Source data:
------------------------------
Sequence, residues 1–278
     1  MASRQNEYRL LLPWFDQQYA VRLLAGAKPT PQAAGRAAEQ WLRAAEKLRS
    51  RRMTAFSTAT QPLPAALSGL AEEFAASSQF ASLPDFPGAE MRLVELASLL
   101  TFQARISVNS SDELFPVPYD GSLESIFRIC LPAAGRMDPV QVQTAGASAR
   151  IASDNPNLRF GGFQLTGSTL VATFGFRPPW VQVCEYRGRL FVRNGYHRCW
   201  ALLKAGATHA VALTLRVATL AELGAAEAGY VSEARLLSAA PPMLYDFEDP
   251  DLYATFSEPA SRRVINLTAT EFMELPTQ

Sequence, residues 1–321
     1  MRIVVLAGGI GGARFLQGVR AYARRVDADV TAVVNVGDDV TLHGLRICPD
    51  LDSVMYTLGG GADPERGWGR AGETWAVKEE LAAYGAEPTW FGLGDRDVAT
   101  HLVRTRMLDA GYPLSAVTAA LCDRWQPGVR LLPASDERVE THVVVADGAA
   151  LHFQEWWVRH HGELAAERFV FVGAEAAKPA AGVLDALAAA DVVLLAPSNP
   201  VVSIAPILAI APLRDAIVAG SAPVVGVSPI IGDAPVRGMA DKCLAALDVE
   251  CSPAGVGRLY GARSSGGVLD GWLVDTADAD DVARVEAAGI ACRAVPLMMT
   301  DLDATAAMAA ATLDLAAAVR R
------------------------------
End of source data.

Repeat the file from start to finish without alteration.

Sequence, residues 1–278
     1  MASRQNEYRL LLPWFDQQYA VRLLAGAKPT PQAAGRAAEQ WLRAAEKLRS
    51  RRMTAFSTAT QPLPAALSGL AEEFAASSQF ASLPDFPGAE MRLVELASLL
   101  TFQARISVNS SDELFPVPYD GSLESIFRIC LPAAGRMDPV QVQTAGASAR
   151  IASDNPNLRF GGFQLTGSTL VATFGFRPPW VQVCEYRGRL FVRNGYHRCW
   201  ALLKAGATHA VALTLRVATL AELGAAEAGY VSEARLLSAA PPMLYDFEDP
   251  DLYATFSEPA SRRVINLTAT EFMELPTQ

Sequence, residues 1–321
     1  MRIVVLAGGI GGARFLQGVR AYARRVDADV TAVVNVGDDV TLHGLRICPD
    51  LDSVMYTLGG GADPERGWGR AGETWAVKEE LAAYGAEPTW FGLGDRDVAT
   101  HLVRTRMLDA GYPLSAVTAA LCDRWQPGVR LLPASDERVE THVVVADGAA
   151  LHFQEWWVRH HGELAAERFV FVGAEAAKPA AGVLDALAAA DVVLLAPSNP
   201  VVSIAPILAI APLRDAIVAG SAPVVGVSPI IGDAPVRGMA DKCLAALDVE
   251  CSPAGVGRLY GARSSGGVLD GWLVDTADAD DVARVEAAGI ACRAVPLMMT
   301  DLDATAAMAA ATLDLAAAVR R